DOVER, DEL. — The 36-driver NASCAR Cup Series field will line up for Sunday’s Duramax Drydene 400 at Dover Motor Speedway, where passing may be at a premium.
Martin Truex Jr. was honest in his assessment of what the race may hold, stating “it’s going to be the hardest race to pass I think we’ve ever seen.”
Truex’s comments are telling, as his three wins (T-1st), 996 laps led (3rd), 11.7 average finish (3rd) and three poles (2nd) rank among the best of any active NASCAR Cup Series driver at Dover.
“It’s going to be important to unload strong and have a good qualifying run because it’s going to be hard to pass,” Truex elaborated. “It’s going to be track position, track position, track position.”
Truex’s sentiments were echoed by Kyle Larson, who has led 116 fewer laps at Dover than Truex, despite running 6,731 fewer laps and having 18 fewer starts at Dover than him.
“I feel like the dirty air is going to be really bad,” Kyle Larson said during his post-race media availability at Talladega. “Right here at Talladega, I don’t expect much passing [at Dover] but I hope I’m wrong.”
While this season has seen an average of 20.2 lead changes after ten races (excluding Atlanta) – up from 20.1 last season (excluding Atlanta) – they have sharply declined on tracks under 1.366 miles.
This season, there has been an average of 10.2 lead changes after five races at tracks <1.366 miles this season – down from an average of 15.4 after five races at tracks <1.366 miles last season.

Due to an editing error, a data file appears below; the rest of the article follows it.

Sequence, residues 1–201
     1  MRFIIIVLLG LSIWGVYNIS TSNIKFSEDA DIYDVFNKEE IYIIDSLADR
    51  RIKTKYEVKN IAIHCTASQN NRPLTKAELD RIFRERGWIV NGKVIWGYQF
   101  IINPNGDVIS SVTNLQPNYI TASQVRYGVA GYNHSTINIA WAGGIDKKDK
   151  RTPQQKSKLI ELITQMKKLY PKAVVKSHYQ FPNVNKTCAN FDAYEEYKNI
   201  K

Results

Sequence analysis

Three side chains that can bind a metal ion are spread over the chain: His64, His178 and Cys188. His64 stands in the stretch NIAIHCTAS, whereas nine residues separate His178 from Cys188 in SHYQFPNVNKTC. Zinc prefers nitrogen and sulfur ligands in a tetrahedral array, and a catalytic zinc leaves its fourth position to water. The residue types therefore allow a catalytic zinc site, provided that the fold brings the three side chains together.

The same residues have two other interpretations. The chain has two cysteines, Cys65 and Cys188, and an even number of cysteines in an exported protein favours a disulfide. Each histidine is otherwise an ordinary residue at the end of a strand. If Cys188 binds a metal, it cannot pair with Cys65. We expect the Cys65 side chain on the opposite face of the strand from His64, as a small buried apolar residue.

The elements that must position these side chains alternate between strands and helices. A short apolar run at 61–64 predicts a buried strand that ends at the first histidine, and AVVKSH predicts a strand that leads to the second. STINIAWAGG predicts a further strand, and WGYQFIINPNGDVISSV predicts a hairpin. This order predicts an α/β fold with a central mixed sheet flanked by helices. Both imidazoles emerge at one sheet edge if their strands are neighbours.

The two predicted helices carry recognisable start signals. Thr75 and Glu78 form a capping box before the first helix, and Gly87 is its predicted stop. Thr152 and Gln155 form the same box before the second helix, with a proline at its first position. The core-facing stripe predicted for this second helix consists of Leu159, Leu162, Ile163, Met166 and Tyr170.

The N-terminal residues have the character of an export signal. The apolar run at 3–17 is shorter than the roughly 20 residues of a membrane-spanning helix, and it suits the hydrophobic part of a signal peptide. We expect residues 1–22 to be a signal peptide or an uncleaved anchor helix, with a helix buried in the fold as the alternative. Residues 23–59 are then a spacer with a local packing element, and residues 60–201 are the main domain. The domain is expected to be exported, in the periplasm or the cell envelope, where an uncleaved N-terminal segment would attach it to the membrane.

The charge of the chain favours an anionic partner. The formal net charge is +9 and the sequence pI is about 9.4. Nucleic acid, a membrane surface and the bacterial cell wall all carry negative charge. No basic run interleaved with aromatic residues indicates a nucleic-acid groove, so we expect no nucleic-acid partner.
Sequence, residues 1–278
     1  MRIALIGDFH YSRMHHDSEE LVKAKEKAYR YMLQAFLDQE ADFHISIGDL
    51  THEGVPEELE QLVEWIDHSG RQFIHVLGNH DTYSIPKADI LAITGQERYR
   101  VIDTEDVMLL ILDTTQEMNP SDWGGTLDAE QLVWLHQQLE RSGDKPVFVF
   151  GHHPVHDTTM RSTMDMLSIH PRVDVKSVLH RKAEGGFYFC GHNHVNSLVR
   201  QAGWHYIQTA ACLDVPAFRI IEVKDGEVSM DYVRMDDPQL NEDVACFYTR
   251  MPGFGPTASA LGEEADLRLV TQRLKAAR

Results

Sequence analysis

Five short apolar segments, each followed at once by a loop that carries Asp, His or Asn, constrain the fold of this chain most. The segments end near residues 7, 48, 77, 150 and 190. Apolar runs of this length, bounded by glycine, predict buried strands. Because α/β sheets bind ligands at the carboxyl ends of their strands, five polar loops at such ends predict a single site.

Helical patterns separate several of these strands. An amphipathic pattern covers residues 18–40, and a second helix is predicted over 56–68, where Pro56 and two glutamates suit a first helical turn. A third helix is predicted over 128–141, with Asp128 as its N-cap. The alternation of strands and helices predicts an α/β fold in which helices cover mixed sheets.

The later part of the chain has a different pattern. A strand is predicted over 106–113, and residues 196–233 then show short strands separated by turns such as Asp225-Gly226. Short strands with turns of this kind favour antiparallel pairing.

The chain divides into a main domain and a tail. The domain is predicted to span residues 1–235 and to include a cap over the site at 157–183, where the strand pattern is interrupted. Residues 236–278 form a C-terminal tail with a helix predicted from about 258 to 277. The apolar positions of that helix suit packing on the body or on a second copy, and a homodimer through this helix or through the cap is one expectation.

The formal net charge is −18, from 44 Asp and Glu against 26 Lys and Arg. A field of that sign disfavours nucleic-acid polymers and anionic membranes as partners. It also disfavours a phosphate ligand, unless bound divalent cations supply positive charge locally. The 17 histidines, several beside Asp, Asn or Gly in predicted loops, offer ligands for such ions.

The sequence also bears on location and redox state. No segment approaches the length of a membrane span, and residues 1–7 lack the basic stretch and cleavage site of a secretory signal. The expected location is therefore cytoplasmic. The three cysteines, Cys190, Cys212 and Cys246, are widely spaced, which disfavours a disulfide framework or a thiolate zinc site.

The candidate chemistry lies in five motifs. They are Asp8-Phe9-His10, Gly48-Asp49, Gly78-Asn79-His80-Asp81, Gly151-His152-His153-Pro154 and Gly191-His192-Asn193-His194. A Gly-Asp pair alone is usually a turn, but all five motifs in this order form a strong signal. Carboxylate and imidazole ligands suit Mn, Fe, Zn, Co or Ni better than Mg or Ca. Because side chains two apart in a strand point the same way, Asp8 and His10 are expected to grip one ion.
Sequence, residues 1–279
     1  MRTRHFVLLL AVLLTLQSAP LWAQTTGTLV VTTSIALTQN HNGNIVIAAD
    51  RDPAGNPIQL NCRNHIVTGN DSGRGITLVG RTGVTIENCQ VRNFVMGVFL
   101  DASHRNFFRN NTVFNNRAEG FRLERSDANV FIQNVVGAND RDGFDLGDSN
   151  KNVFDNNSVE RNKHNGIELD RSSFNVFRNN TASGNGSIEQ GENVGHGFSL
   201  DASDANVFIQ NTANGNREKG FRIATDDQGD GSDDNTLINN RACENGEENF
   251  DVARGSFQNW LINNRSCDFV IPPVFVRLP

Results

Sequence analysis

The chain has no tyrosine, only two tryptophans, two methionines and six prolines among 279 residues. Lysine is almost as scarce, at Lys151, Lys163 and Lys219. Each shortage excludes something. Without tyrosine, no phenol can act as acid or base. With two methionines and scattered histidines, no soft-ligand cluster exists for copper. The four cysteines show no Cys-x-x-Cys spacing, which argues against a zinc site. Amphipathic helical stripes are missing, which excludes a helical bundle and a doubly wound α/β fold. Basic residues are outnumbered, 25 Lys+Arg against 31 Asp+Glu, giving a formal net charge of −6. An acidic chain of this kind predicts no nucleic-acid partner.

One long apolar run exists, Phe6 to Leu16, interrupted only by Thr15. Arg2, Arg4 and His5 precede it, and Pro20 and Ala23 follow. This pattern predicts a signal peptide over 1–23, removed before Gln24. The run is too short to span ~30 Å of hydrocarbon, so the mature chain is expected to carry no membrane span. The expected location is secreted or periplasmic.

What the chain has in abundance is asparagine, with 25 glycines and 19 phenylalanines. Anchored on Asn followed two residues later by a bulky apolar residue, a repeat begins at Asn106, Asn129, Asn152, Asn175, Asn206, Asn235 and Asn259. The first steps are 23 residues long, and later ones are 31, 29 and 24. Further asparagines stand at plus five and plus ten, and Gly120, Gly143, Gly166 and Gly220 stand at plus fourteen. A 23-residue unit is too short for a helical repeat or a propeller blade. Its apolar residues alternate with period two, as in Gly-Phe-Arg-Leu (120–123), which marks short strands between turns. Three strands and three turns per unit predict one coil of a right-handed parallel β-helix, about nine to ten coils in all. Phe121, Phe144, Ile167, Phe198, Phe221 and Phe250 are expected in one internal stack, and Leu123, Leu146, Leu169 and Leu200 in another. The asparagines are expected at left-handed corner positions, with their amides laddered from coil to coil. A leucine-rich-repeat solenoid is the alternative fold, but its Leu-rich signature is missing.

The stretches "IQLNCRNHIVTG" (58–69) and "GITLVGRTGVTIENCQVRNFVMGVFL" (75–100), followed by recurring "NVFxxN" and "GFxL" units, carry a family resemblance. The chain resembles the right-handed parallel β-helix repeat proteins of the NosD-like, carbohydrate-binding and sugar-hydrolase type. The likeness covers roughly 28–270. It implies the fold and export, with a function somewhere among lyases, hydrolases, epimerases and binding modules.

For races this season at tracks <1.366 miles, the spoiler was heightened from 2.75 inches to 4 inches tall – and the horsepower target was reduced from 750HP to 670HP.
In addition to having a bigger spoiler and less HP, the Gen 7 car’s revamped aero configuration also features a flat underside and a rear diffuser.
While racing at the shorter tracks has yet to live up to expectations, speedway racing has been more well-received. Industry members have also cited easy fixes for the shorter tracks, such as bringing a tire that wears more easily after a hard tire was blamed for minimal passing during an April 9 race at Martinsville.
Dover has been known for being a mix of high speeds seen at speedways and rough-and-tumble racing seen at shorter tracks, which may make the racing more unpredictable.
“You know, I don’t know what it’s gonna be like in the race. Dover’s such a fast track, such a fast place,” Dillon said. “It can be hard to pass there because it is so fast, so we’ll see.”
The Duramax Drydene 400 goes green at 3 p.m. ET from Dover Motor Speedway (TV: FS1; Radio: PRN, Sirius XM NASCAR Radio Ch. 90).